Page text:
At first glance, Bitcoins and real estate have very little in common. The first exists only in digital form and is invested in or exchanged for good and services. The second is physical properties that people occupy – sometimes they own, sometimes they rent, sometimes they dabble in a bit of both.
However, there are similarities. Both are limited goods that fluctuate in price based on market behavior. Neither are generally traded on an open market like a stock or bond. Both derive their value from what others are willing to pay for it. Neither are technically currency. Both increase in total amounts following known (or predictable) trends and ownership of any given asset can be determined with a bit of work.
Your first question might be – so what? To you I invite to stop here as you are probably not going to be interested in the rest. To those that are intrigued by this vague connection, continue along with my thought processes.
The similarities between the two are surprisingly close once you zoom in further:
- Both are defined by quantities that can be continually reduced (1 bitcoin is the unit of measure but you can own .000000001 bitcoins if you so wanted just as theoretically could could lease or own .0000000001 square feet of a building).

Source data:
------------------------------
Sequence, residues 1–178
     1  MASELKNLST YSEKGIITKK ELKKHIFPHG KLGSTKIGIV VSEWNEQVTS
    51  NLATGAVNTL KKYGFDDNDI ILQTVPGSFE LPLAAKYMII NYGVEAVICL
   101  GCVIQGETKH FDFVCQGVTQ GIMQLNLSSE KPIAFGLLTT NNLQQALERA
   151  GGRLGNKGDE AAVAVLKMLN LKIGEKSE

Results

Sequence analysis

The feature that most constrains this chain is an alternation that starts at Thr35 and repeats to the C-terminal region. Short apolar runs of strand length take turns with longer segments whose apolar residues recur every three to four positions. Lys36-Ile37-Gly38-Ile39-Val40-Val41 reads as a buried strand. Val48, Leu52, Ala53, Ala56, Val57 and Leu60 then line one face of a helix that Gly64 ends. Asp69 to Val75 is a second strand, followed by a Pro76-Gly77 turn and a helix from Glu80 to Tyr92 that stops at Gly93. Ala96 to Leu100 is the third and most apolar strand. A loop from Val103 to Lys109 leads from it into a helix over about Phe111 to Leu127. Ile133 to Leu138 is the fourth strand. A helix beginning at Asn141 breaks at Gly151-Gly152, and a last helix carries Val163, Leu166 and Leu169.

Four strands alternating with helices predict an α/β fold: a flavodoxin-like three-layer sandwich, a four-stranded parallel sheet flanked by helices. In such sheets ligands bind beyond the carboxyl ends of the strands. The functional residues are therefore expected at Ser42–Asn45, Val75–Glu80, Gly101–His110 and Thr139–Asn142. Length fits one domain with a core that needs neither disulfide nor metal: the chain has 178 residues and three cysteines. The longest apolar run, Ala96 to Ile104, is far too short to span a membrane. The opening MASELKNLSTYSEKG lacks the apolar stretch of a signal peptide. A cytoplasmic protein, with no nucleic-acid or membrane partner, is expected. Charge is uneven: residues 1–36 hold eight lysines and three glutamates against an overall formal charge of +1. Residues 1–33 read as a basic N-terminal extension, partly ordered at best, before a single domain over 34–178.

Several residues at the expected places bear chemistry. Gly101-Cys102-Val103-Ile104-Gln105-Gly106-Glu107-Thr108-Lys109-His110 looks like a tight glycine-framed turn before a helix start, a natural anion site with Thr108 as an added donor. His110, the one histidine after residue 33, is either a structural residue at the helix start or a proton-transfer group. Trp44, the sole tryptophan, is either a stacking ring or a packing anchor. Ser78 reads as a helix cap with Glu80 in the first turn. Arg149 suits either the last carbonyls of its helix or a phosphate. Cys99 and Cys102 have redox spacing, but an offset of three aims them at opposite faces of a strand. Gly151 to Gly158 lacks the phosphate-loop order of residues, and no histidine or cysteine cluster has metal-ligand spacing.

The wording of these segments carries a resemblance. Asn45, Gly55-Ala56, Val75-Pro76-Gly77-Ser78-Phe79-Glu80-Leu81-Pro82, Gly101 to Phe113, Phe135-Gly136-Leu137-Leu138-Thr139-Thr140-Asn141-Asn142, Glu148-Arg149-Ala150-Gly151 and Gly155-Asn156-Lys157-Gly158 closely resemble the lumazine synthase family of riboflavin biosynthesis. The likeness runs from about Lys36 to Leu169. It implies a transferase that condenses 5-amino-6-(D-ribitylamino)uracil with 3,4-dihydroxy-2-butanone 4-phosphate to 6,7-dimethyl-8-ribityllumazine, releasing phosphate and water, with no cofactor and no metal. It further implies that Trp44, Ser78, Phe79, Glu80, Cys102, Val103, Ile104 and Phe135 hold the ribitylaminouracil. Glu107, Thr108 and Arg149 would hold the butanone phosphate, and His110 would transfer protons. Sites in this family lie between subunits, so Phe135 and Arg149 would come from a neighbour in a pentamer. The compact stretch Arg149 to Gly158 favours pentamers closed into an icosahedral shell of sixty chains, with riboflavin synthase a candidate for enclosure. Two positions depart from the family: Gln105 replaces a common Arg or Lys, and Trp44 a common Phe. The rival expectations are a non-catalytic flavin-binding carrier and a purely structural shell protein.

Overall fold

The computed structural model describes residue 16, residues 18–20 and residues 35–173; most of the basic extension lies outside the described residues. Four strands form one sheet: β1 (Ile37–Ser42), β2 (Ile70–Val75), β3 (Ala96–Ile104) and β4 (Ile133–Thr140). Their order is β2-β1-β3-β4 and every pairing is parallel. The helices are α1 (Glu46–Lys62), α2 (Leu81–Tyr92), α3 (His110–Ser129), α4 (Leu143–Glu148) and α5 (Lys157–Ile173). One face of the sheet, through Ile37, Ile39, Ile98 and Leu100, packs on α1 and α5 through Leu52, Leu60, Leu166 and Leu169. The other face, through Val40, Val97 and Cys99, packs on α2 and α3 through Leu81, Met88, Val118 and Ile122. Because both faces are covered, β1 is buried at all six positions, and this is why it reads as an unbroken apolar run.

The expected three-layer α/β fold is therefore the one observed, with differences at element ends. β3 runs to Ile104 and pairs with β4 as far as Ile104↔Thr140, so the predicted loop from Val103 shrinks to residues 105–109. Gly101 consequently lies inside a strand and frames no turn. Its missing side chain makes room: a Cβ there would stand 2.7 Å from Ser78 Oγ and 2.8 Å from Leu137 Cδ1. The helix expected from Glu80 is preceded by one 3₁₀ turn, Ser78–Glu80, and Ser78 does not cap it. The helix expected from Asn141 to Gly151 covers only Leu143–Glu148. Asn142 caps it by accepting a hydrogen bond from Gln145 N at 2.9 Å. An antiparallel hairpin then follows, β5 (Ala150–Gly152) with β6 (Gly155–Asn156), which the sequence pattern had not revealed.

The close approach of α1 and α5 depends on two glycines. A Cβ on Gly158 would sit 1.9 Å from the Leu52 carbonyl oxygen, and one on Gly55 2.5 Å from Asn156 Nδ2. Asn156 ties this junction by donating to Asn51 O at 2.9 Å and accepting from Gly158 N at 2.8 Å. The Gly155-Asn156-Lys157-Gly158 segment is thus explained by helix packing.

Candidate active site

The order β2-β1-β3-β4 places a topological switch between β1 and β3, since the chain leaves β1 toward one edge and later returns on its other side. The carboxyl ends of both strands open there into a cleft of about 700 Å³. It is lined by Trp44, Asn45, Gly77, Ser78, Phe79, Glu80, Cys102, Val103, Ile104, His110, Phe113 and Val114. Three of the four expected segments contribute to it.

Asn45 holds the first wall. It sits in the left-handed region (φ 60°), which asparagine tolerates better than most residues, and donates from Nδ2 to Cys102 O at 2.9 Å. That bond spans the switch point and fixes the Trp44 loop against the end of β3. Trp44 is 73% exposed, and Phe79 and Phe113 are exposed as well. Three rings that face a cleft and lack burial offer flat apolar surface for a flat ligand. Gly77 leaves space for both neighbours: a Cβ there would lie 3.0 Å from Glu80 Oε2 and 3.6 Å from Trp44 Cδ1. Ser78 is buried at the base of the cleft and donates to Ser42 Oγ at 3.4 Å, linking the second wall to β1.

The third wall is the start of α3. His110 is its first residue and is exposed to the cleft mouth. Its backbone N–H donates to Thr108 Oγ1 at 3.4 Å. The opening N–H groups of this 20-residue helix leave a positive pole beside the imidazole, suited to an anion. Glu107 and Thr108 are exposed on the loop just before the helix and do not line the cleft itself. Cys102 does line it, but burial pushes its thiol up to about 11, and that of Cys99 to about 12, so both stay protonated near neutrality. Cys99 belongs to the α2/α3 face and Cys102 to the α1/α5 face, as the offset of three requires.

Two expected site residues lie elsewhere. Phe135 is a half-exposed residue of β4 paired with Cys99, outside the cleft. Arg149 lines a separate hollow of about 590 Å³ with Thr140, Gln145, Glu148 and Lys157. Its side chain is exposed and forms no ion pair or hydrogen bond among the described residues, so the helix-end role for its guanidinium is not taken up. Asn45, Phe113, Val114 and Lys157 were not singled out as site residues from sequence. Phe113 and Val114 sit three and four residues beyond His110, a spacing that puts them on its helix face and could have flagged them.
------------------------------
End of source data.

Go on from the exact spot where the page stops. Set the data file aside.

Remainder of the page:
- Each is a decentralized system where anyone can buy, sell, exchange their ownership to anyone else (it’s easier in Bitcoin than CRE but ease is merely a financial issue largely).
- New quantities of each don’t simply spring to life. They are based on known quantities that increase at some rate.
However, it’s the difference between the two that point to issues of CRE being the next Bitcoin:
- Bitcoins are digital while real estate is the definition of physical.
- Every bitcoin is exactly the same as the others while every building is different (every square foot is different).
- Bitcoins were created as a store of value and exchange while real estate was created as a place for people to live or work.
- Anyone (theoretically) can create new real estate where as bitcoins are created by an algorithm on a known schedule.
Why do I mention this? It feels like real estate was Bitcoins before Bitcoins. The more I look at it from different angles it should be (theoretically) possible to use real estate as a broader store of value. Not easily – but possible.